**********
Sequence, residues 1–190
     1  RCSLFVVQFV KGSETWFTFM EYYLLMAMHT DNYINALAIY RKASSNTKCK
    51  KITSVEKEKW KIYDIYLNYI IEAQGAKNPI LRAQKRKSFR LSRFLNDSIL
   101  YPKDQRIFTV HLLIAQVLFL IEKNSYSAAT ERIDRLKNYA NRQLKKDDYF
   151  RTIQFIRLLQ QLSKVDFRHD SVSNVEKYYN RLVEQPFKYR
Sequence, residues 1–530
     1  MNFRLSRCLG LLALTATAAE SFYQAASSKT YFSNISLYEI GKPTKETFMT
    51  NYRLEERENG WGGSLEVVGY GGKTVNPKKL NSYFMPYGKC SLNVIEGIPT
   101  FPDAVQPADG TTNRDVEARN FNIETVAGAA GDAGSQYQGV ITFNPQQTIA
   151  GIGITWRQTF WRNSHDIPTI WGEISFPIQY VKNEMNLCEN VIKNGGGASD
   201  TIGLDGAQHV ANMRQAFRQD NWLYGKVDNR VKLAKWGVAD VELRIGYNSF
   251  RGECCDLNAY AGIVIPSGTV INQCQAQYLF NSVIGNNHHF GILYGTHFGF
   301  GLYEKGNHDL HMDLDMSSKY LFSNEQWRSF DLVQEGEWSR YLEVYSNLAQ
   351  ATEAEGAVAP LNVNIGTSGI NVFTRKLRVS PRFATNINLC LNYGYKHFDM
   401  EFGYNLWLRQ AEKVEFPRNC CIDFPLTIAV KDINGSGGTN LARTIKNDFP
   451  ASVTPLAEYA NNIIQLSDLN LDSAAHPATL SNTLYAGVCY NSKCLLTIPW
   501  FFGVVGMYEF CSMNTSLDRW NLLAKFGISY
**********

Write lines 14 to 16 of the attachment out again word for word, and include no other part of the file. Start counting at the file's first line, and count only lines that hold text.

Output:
   351  ATEAEGAVAP LNVNIGTSGI NVFTRKLRVS PRFATNINLC LNYGYKHFDM
   401  EFGYNLWLRQ AEKVEFPRNC CIDFPLTIAV KDINGSGGTN LARTIKNDFP
   451  ASVTPLAEYA NNIIQLSDLN LDSAAHPATL SNTLYAGVCY NSKCLLTIPW